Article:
As promised, in the afternoon after his inauguration, Ruto signed executive orders at the State House appointing the six judges. As it stands, this is a promise made and delivered.

2. End all unauthorised evictions and property demolitions

Kenyans have over the years been treated to sorry sights of evictions and demolitions. During the launch of the Kenya Kwanza manifesto, Ruto cited cases of demolitions in Kariobangi and Korogocho terming them inhumane and unconstitutional.

“Kenya Kwanza will end all unauthorized evictions and property demolitions” President William Ruto

This, he said as he outlined some of his promises for the first hundred days in office but did not expressly make clear the timeframe for achieving this.

However, on December 13, 2022, the government issued an eviction notice to residents of Matopeni slums in Starehe Constituency.

“The residents have attempted to convene a meeting with the Kenya Urban Renewal officials to no success. The officials failed to show up to the meeting last week”, a report by Ghetto Radio states.

3. Diaspora issues

During the launch of the Kenya Kwanza manifesto, as in his inauguration speech, President Ruto acknowledged the role of the diaspora community in the Kenyan economy. As such, he made a number of pledges to the diaspora community.

“We have elevated our diaspora to the 48th County. The complaint has always been that the diaspora does not receive adequate attention and attention they deserve. The focus has been on remittances, while their fundamental rights as citizens have been neglected. To correct this oversight, I pledge to:
  1. Elevate diaspora issues at a ministry level.
  2. Strengthen diaspora services in all embassies.
  3. Work with parliament to set up a committee that will exclusively deal with diaspora issues.
  4. Set up a mechanism for public participation by Kenyans living in the Diaspora.
  5. Work closely with the IEBC to expand and enhance diaspora participation in elections.”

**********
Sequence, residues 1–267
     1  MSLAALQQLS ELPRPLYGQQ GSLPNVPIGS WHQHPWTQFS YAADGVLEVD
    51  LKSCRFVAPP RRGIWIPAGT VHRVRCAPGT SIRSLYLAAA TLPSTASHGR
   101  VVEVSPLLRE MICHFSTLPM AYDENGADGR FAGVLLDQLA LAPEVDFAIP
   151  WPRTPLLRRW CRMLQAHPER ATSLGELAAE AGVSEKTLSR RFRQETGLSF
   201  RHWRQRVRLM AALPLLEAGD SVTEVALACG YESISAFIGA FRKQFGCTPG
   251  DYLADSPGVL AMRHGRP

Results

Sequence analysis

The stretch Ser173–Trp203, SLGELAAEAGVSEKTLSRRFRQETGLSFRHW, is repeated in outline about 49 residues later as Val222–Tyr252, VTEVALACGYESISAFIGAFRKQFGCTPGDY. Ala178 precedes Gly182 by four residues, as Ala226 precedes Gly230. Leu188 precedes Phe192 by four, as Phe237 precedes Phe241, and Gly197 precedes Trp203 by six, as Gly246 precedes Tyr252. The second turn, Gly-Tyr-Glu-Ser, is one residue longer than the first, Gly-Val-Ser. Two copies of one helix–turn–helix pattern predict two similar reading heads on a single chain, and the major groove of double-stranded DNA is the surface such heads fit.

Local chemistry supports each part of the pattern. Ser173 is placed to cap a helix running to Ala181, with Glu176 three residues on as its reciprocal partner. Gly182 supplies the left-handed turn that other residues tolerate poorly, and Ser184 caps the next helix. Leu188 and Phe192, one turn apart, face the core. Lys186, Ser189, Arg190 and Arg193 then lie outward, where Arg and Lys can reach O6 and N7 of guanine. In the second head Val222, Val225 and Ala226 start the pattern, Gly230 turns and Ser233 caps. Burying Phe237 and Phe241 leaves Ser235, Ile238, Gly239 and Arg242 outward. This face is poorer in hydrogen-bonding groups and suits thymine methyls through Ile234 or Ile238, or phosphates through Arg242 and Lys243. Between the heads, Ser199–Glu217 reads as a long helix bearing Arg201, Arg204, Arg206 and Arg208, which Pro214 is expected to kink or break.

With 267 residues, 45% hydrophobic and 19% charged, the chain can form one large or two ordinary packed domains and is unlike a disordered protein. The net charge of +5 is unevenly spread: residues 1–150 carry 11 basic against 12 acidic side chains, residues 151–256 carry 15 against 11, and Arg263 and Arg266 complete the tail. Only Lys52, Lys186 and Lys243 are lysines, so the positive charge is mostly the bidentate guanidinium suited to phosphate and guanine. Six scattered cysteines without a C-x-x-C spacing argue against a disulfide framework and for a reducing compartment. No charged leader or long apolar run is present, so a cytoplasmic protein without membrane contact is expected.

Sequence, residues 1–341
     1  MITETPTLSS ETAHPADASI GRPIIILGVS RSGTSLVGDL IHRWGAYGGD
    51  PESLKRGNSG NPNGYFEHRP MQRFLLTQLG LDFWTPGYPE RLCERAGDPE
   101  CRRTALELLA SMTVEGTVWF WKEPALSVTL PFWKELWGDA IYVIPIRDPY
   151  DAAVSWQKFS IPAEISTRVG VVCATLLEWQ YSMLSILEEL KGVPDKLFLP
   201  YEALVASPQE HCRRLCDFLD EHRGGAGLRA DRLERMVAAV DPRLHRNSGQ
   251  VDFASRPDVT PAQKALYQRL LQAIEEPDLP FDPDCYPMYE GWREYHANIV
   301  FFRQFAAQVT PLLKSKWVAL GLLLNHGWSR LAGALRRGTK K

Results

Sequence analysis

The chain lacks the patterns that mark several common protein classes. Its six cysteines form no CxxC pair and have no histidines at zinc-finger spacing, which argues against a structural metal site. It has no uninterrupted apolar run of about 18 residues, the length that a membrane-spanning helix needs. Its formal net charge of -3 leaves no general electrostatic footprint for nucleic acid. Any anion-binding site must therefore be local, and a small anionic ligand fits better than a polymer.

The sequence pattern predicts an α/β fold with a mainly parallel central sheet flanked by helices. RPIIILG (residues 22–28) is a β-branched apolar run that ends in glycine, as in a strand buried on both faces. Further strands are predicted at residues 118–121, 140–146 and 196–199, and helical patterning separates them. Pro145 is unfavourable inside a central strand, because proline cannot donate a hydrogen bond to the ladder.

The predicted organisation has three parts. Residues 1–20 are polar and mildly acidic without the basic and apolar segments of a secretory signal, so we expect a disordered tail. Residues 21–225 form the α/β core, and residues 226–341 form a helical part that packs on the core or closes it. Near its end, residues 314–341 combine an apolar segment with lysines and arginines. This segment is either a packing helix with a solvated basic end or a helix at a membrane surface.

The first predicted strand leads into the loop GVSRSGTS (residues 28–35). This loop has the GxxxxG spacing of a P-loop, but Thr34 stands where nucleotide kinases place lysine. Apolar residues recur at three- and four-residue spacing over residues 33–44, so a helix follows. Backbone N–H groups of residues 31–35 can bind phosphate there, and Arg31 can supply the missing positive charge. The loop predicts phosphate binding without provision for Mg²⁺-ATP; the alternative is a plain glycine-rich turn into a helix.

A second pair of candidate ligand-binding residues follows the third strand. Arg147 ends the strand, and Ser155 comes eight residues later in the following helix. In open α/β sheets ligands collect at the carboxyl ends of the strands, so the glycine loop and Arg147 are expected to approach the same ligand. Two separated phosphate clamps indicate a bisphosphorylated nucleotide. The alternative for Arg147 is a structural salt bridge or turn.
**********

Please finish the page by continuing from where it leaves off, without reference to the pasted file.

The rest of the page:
With regards to elevating the diaspora to a 48th County, Constitutional Lawyer Bobby Mkangi clarifies that it was a figurative speech on the president’s part.

“Definitely he cannot make it a 48th County territorialy as we have in the country. He meant it will be the 48th, metaphorically, unit of administration and attention” Bobby Mkangi.

According to Mr Mkangi, by renaming the Ministry of Foreign Affairs to the Ministry of Foreign and Diaspora Affairs, President Ruto’s regime made the first step in meeting this promise. Roseline Njogu was recently appointed the Principal Secretary for Diaspora Affairs.

4. Operationalize the Judiciary Fund – within the first day in office

Through his campaign trail, President Ruto asserted the importance of the independence of the Judiciary. He reiterated this commitment during the launch of the Kenya Kwanza manifesto.

“We believe the Judiciary should, must, be independent operationally, constitutionally and financially,” he said.

During his inauguration speech, he followed up on his commitment by vowing to respect the Judiciary in a bid to foster constitutional and democratic systems. He noted that the Judiciary Fund had been operationalized in a bid to uphold the independence of the Judiciary, something that he had promised to do on his first day in office.

“Our campaign for financial independence of the judiciary has paid off with the implementation of the Judiciary Fund on July 1 this year.” A statement on the Judiciary website confirms this.